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Afghan cabinet, minus warlords, sworn in
(Agencies)
Updated: 2004-12-24 20:50

Afghanistan's new Cabinet was sworn in Friday, sealing the ouster of some high-profile warlords from the government. President Hamid Karzai's spokesman said the changes reflected the leader's will to have educated people running the country.

Afghan President Hamid Karzai answers a question during a press conference at the Presidential Palace in Kabul, Afghanistan, in this July 26, 2004 file photo. Karzai won the October presidential election, the first vote since the fall of the Taliban in 2001. [Ruters]
Former Defense Minister Mohammed Fahim, a major Tajik strongman and the head of the northern alliance that helped the United States oust the Taliban in 2001, was dropped in the Cabinet shuffle and replaced by his deputy, Abdul Rahim Wardak, part of a crackdown on warlords in the government.

Southern warlord Gul Agha Sherzai was removed as public works minister. Also dropped from the Cabinet was Sayed Hussain Anwari, who controlled a private army in the north and had been agriculture minister.

The new ministers 27 in all were sworn in by Karzai during a closed ceremony at the presidential palace, said Khaleeq Ahmed, a spokesman at the presidency. The event was not covered live on Afghan television, but Karzai was expected to make a statement later in the day.

The selections are Karzai's first major policy decision since his inauguration this month as Afghanistan's first democratically elected president.

The Afghan leader has pledged to bring more professionalism to his government and has embraced a constitutional decree that all ministers be college-educated and that they give up citizenship in any other country.

"This is a comprehensive step that takes Afghanistan to a new era in which people come to the Cabinet because they are capable of serving the Afghan people and because they are educated," said Jawed Ludin, Karzai's chief spokesman. "What matters in the next five years is that the people should see some change in their lives."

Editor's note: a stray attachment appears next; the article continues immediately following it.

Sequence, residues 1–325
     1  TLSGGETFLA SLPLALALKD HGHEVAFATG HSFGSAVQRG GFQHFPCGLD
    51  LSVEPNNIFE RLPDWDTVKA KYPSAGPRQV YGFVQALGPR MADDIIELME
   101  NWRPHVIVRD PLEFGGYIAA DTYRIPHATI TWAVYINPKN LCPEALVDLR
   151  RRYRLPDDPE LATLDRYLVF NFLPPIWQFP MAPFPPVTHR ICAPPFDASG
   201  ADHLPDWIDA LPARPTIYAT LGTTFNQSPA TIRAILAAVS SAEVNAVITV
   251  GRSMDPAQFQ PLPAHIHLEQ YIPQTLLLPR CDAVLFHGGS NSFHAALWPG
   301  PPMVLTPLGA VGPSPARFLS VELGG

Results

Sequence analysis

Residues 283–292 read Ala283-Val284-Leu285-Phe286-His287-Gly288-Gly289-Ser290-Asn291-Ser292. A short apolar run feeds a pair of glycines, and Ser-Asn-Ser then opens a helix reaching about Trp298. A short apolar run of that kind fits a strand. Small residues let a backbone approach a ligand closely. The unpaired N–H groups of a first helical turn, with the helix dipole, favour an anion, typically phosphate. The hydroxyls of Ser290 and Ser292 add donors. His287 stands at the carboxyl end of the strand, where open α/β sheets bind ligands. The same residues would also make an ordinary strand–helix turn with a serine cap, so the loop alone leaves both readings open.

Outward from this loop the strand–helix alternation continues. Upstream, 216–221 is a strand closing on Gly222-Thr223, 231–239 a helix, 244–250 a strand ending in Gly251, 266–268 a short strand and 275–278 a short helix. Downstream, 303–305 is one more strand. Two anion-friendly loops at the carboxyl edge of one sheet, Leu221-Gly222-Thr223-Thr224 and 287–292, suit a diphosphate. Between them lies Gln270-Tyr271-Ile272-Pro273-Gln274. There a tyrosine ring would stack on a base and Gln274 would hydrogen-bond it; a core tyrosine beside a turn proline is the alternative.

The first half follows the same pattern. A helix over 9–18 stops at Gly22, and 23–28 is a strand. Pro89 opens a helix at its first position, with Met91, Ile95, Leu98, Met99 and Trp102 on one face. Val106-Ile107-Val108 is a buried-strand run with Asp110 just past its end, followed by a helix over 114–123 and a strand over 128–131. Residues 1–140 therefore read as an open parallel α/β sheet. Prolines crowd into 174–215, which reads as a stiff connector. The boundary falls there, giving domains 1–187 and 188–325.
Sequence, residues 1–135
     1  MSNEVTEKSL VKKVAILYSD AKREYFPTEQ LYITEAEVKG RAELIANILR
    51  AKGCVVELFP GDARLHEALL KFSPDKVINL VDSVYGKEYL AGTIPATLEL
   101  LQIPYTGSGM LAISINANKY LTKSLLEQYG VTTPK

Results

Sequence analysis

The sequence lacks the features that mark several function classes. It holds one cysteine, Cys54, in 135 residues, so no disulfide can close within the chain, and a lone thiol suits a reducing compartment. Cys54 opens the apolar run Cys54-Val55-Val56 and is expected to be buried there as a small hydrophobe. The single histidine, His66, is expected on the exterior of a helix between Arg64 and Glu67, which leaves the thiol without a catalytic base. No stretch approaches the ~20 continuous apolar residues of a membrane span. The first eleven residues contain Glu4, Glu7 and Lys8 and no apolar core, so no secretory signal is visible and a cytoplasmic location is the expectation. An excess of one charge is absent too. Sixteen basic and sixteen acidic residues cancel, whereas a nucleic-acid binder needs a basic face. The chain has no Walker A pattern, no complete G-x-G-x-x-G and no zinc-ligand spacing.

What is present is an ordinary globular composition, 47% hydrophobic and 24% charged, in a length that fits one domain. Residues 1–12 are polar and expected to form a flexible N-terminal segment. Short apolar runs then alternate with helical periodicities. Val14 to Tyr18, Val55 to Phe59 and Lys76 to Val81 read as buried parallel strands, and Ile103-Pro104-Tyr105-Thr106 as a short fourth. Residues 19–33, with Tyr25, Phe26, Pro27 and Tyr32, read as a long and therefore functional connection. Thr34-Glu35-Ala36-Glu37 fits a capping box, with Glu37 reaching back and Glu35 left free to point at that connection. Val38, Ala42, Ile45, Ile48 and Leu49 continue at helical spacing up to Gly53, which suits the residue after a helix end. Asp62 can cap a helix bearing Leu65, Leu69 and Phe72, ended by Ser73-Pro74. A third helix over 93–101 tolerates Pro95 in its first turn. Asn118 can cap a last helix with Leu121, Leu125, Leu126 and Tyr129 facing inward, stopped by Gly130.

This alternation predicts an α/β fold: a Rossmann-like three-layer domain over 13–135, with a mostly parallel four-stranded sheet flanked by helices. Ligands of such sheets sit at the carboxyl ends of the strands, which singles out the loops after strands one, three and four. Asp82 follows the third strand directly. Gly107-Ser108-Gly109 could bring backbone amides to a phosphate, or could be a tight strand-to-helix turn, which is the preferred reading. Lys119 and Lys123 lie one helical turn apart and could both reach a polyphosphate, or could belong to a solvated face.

The Cabinet selections are seen as crucial to how this war-ravaged nation will deal with problems such as a destroyed infrastructure, a stubborn Taliban and al-Qaida insurgency and a booming opium trade that supplies three-quarters of the world's market.

Karzai named a relative unknown, Habibullah Qaderi, to head the new Counternarcotics Ministry to crack down on a multibillion-dollar drug trade that is flooding the world with cheap heroin.

Karzai has called for a "holy war" against the drug trade, calling it a greater threat to the nation's future than the Taliban or al-Qaida.

The cabinet was sworn in. [Xinhua]
The new Cabinet selections were announced late Thursday on state-run television.

Central Bank Governor Anwar ul-Haq Ahadi, a longtime Karzai ally, replaced Ashraf Ghani as finance minister.

Foreign Minister Abdullah and Interior Minister Ali Ahmad Jalali, both popular in the West, were kept on. Like many Afghans, Abdullah uses only one name.

Masooda Jalal, the only women to run in the October elections and an outspoken critic of Karzai's reliance on warlords, was named minister of women's affairs.

But at least one regional strongman is joining the government.

Ismail Khan, the powerful western warlord whom Karzai removed as governor of Herat earlier this year, was given the position of water and energy minister.

The post is not considered a top-tier position, but Khan's selection is likely to prompt criticism from human rights groups, who want Karzai to build a more professional political class and crack down on warlords who still control much of the countryside.



 
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